Prepared by Cislo & Thomas LLP Attorney Mark D. Nielsen, Ph.D.
1. Finally! A tangible move to attempt to add design patents to the types of rights that can be enforced by Customs at the border. Presently, a copyright or trademark owner may register its rights with Customs with a view towards Customs potentially seizing infringing goods at the border. Last week, a bipartisan bill was introduced in the Senate that would add design patents to the list of rights enforceable at the border. Because design patents protect ornamental appearance of an article of manufacture, as opposed to any functionality, it should be a straightforward matter for Customs and Border Protection to assess possible infringement of imported goods. If passed, this will increase the value of design patents as a substantial component of one’s IP portfolio.
2. Last week, the IP Subcommittee of the Senate Judiciary Committee heard testimony concerning fraudulent trademark applications, largely from China, that are cluttering the U.S. trademark register. In essence, a substantial percentage of trademark registrations from Chinese applicants are fraudulent based on fake specimens being submitted to support registration. In many cases, these applications are advancing to registration. As a result, there are fewer trademarks available to genuine trademark applicants to use. The USPTO is increasing scrutiny of specimens, and requiring non-U.S. applicants to use U.S. legal counsel to file trademark applications. From the Senate hearing, an additional suggestion was made to lower the standard for proving fraud when attacking a trademark registration. The bottom line is that this is a significant issue, and trademark counsel should carefully review any marks used to refuse registration to make sure they are not bogus.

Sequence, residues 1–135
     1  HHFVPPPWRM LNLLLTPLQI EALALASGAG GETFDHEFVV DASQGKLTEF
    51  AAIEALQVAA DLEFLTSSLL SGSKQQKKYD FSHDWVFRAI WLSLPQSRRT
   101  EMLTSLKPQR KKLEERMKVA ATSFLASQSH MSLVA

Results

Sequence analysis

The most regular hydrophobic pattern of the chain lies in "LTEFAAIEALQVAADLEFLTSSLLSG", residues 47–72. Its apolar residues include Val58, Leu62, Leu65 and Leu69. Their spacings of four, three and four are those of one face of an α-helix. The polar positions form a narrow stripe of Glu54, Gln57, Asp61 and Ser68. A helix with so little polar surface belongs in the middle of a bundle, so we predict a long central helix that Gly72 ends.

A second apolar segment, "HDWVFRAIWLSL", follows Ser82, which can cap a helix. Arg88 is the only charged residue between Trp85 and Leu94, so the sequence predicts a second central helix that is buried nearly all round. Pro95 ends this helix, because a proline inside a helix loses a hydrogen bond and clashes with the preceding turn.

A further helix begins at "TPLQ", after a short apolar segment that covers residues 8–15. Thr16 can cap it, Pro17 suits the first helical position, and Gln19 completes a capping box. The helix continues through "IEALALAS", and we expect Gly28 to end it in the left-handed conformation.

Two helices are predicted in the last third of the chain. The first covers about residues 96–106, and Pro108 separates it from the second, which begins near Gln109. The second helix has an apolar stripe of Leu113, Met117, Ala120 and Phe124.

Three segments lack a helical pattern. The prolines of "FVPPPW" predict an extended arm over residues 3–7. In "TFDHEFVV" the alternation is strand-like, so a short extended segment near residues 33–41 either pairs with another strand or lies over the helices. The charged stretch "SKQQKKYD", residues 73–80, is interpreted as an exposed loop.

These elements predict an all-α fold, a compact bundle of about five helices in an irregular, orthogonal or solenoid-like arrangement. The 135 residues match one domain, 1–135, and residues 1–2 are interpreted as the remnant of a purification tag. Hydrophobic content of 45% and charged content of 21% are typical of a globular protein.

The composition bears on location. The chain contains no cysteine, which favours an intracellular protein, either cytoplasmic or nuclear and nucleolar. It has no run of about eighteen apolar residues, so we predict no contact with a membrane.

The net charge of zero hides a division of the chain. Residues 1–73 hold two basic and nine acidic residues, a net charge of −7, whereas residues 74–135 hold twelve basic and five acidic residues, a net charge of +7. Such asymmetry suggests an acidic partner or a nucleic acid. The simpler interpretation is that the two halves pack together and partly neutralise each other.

3. In a recent domain name/UDRP (Uniform Dispute Resolution Policy) challenge filed against blendid.com, the Panel found for the domain name owner. The challenger filed an intent-to-use trademark application for which use had yet to be established. The challenger asserted that it had some common law trademark rights, but those were thin to non-existent, and did not support the domain name challenge. The takeaway is that one must be cautious in filing a UDRP challenge where the trademark rights on which it is predicated are not well-established.